We found that older patients and those with a higher comorbidity burden were less likely to receive trastuzumab-based therapy following a long-standing pattern observed in studies of systemic breast cancer treatment. In some cases, such variation may be appropriate because small gains in recurrence-free survival from targeted therapy may be attenuated or lost in patients with significant competing mortality risks. However, given the sizeable benefit of trastuzumab, the overall aggressive biology of this subtype, and extensive literature documenting undertreatment of even healthy older patients,31 the hypothesis that age is used inappropriately to withhold trastuzumab-based therapy deserves further exploration. The availability of large patient cohorts that represent the entire age spectrum of patients with HER2-positive disease will be key to such research.
Several aspects of trastuzumab therapy may contribute to its underuse among minority women. First, standard use of this biologic agent requires combination with chemotherapy, and evidence for the effectiveness of less-intensive single-agent taxane regimens for use in patients with HER2-positive breast cancer has only recently been presented32 and was not available during this study period. The pairing of trastuzumab with intensive chemotherapy and the long duration of treatment may be a barrier to the treatment of patients with unreliable sources of transportation, job insecurity, or poor social support, and providers may perceive such women as less able to tolerate prolonged intensive treatment. Although we controlled for poverty at the neighborhood level, a complete accounting for such complex social factors is not possible in a claims-based analysis. Second, trastuzumab is a costly infused therapy. Although the patients in the present sample were uniformly insured by Medicare, the generosity of supplemental plans for outpatient expenses and the affordability of shared costs likely vary by race and could influence uptake. Third, the decision to use trastuzumab-based adjuvant therapy in patients with stage I breast cancer is made in the context of limited evidence,5 with many patients falling into a gray zone of risk and benefit. Patients’ ways of considering and weighing this imperfect evidence may vary by race, and minority patients may also be treated by providers who are less comfortable with applying the current evidence to recommend treatment with uncertain or marginal benefit. Fourth, trastuzumab therapy is a lengthy course of treatment that involves 1 year of infused therapy. Previous studies have suggested that black women are more likely to discontinue adjuvant trastuzumab therapy early,10 and this protracted treatment course may similarly be a disincentive to initiation of treatment of minority patients with limited resources for obtaining and adhering to treatment. Finally, trastuzumab is a relatively new adjuvant therapy for breast cancer, and we and others have previously demonstrated that the adoption of cancer treatment innovations lags among minority patients.25,33,34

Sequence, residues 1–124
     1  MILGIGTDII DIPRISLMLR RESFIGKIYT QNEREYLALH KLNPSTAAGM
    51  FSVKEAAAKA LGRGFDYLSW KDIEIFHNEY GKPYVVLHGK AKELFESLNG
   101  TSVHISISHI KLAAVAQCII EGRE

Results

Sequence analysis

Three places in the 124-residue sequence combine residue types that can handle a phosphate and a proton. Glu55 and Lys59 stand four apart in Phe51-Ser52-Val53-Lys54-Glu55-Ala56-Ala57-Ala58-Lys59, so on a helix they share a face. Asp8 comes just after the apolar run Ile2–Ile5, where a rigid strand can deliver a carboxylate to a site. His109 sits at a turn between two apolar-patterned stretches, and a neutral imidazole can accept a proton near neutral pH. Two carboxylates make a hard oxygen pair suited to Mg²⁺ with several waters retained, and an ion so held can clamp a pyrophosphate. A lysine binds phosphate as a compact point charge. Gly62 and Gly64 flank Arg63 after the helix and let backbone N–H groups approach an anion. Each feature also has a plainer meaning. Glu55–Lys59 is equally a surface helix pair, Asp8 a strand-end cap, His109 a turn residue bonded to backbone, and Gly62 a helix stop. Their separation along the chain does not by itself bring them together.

Not surprisingly, we found that clinically appropriate information, such as tumor size and nodal status, influenced the receipt of trastuzumab. We also found an indication of increasing use at a tumor size as small as 6 mm (T1b disease), which suggests that providers may define this as the appropriate cut point for considering HER2-directed therapy. Furthermore, hormone receptor status was not an independent predictor of trastuzumab use in adjusted analysis despite known differences in recurrence risk between patients with hormone receptor–positive/HER2-positive and hormone receptor–negative/HER2-positive disease and the availability of additional targeted therapy, specifically endocrine therapy in the former. However, given that hormone receptor status was associated with trastuzumab use in bivariable analysis, the inclusion of multiple other disease characteristics, such as grade and tumor size, in the model likely attenuated the independent effect of hormonal status because hormone receptor–positive tumors would also be expected to present at a lower grade and smaller size.
In descriptive analysis, we found that trastuzumab often was paired with chemotherapeutic agents other than ACTH and TCH, including a significant proportion of single-agent taxane regimens. Although weekly paclitaxel with trastuzumab is increasingly recognized as a regimen with good short-term outcomes in low-risk HER2-positive disease on the basis of data published in 2014,32 the current findings suggest that a significant number of providers adopted such regimens in advance of the clinical evidence possibly as an attempt to compromise between clinical need and toxicity concerns. More of concern, we found that 14% of trastuzumab recipients received no chemotherapeutic agent of any type, an approach that has no evidence of efficacy in this setting. Although sample size did not permit exploration of chemotherapy partners by race or other patient-level factors, concerns that there may be disparities in treatment intensity as well as trastuzumab receipt deserve further exploration.